Modes Pedaling Drill


Enhance your bass guitar skills with the Modes Pedaling Drill, a powerful exercise designed to strengthen your playing abilities.

Join me as I guide you through this engaging drill, focusing on various modes and their application.

Elevate your musical proficiency and develop a solid foundation in bass guitar technique with this comprehensive drill!


Modes Pedaling Drill

Video Transcript

One minute moats pedaling drill with Ari.
Take the modes and start them all from the same root. Sort them from brightest to darkest. If you do that then you will only have one note changing going from mode to mode. Key of G:

This is lydian: [🎡🎡🎡 Ari plays lydian scale 🎡🎡🎡]

Ionian: [🎡🎡🎡 Ari plays ionian scale 🎡🎡🎡]

Mixo: [🎡🎡🎡 Ari plays mixolydian scale 🎡🎡🎡]

Dorian: [🎡🎡🎡 Ari plays dorian scale 🎡🎡🎡]

Aeolian: [🎡🎡🎡 Ari plays aeolian scale 🎡🎡🎡]

Fridge: [🎡🎡🎡 Ari plays phrygian scale 🎡🎡🎡]

Locrian: [🎡🎡🎡 Ari plays locrian scale 🎡🎡🎡]

Importance of the Circle of Fifths

cycle of fifths

Discover the significance of the Circle of Fifths in music theory.

Uncover why this powerful tool holds immense importance and learn how it can enhance your understanding of key relationships, chord progressions, and harmonic patterns.

Dive into the captivating world of the Circle of Fifths and unlock new realms of musical knowledge and creativity!


Importance of the Circle of Fifths

Video Transcript

One minute Theory with Ari

Let’s talk about the cycle of fifths for a moment. So many people simply think of it as a tool to organize your sharps and your flats and your majors and your minors. Don’t call it A sharp major, call it B flat major and that’s all nice and good.

It’s such a great ear training tool and it’s such a great practice tool. For example, if you simply play through the cycle to the left: C to the F to the B flat to the E flat to the A flat to the D flat and so forth… you are playing descending fifths. And you hear how this has such a pulling quality to it because it sounds like a mini resolve each time. It’s like 5-1, 5-1, 5-1, 5-1, 5-1, 5-1, 5-1 all right. So it sounds like gravity and you’re falling down the stairs and you simply can’t stop.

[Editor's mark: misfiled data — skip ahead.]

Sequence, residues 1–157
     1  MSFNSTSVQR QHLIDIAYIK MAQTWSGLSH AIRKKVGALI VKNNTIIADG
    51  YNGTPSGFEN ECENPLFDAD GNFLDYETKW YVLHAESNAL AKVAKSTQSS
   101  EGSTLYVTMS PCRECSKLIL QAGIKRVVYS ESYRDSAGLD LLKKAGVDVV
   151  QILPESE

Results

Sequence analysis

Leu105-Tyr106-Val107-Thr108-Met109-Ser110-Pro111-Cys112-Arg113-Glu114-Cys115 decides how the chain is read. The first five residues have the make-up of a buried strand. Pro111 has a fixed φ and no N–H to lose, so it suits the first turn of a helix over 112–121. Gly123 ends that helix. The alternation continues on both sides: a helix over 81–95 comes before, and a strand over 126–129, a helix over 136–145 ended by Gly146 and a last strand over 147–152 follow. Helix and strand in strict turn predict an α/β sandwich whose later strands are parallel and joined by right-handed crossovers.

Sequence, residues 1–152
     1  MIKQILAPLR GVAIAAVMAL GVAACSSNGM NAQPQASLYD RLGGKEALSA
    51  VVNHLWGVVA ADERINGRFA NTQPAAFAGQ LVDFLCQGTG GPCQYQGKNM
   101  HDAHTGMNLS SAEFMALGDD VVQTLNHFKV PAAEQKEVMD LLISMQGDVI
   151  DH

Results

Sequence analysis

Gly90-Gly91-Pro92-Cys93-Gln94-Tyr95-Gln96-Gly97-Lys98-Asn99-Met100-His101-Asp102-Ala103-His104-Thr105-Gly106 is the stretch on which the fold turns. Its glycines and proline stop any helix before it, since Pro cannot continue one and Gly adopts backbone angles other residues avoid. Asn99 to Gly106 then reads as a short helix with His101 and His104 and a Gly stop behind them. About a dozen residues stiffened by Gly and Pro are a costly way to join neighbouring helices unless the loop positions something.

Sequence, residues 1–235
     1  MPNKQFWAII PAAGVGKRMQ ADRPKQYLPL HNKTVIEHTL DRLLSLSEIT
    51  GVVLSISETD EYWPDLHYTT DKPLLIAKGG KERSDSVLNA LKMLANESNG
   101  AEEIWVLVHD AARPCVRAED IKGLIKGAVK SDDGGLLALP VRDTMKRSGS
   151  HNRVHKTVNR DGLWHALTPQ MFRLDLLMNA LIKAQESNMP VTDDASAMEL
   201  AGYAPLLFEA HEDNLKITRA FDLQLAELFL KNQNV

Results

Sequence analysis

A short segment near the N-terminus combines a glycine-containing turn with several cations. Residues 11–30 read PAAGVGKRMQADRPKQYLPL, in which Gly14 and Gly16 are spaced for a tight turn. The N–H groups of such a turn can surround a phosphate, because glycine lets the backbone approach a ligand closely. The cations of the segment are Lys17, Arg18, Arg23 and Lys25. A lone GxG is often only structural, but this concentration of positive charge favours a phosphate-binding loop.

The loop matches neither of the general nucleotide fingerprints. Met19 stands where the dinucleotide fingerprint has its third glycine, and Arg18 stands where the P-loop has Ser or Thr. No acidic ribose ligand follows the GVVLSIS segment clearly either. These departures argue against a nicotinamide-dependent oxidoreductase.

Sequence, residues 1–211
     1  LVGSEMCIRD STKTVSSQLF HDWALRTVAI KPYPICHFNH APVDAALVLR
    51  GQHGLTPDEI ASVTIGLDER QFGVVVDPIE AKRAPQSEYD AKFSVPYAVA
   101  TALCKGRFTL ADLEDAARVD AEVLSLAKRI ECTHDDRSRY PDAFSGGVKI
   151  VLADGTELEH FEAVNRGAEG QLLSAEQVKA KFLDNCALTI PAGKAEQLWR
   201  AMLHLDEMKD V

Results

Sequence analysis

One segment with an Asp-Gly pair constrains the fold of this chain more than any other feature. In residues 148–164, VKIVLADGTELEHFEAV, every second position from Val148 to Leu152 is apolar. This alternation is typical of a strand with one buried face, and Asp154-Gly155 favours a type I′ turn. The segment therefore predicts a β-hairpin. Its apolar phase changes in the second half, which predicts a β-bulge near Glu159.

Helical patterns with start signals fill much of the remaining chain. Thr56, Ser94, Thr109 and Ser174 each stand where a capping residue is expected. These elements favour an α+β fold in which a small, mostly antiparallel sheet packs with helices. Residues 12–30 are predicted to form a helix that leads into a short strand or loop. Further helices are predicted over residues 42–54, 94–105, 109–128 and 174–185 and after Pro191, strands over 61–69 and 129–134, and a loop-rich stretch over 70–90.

Songs that do that are for example, Fly Me to the Moon or Autumn Leaves. Now if you go the other way see that the G to the D to the A to the E to the B, then you hear this much more uplifting quality and a song that does that for example, is Hotel California.

Now in songs you often stay within one key versus in the cycle you’re really changing keys but what I just said is still true for the bass movement.

Scale Degrees are Sounds and Numbers

scale degrees are sounds

Unlock the power of scale degrees in music theory with this captivating video.

Dive into the world of bass guitar tips with @LearnBassWithAri as we unravel the intricate connection between sounds and numbers. Explore the theoretical aspects of scale degrees and gain valuable insights to expand your musical understanding.

Join me on this educational journey and enrich your playing abilities with comprehensive theoretical knowledge.


Scale Degrees are Sounds and Numbers

Video Transcript

One minute scalar of practice with Ari.
Practice the scale, and say the scale degrees, and then cement those sound relationships to the root by playing the root in between every single note, like this: C mixolydian.

[🎡🎡🎡 Ari plays scale 🎡🎡🎡}

Say the scale degrees: 1 – 2 – 3 – 4 – 5 – 6 – b7 – root. Now cement those sound relationships with the root by playing the root in between every single scale degree. Major 2nd, 3rd, 4th, 5th, major 6th, flat 7th, root. These are sounds. These numbers are sounds. You can also relate them to the top root, and then all the intervals invert – what used to be the minor 7th now becomes the major 2nd… minor 3rd, 4th, 5th, minor 6th, minor 7th, root.

[🎡🎡🎡 Ari plays scale 🎡🎡🎡}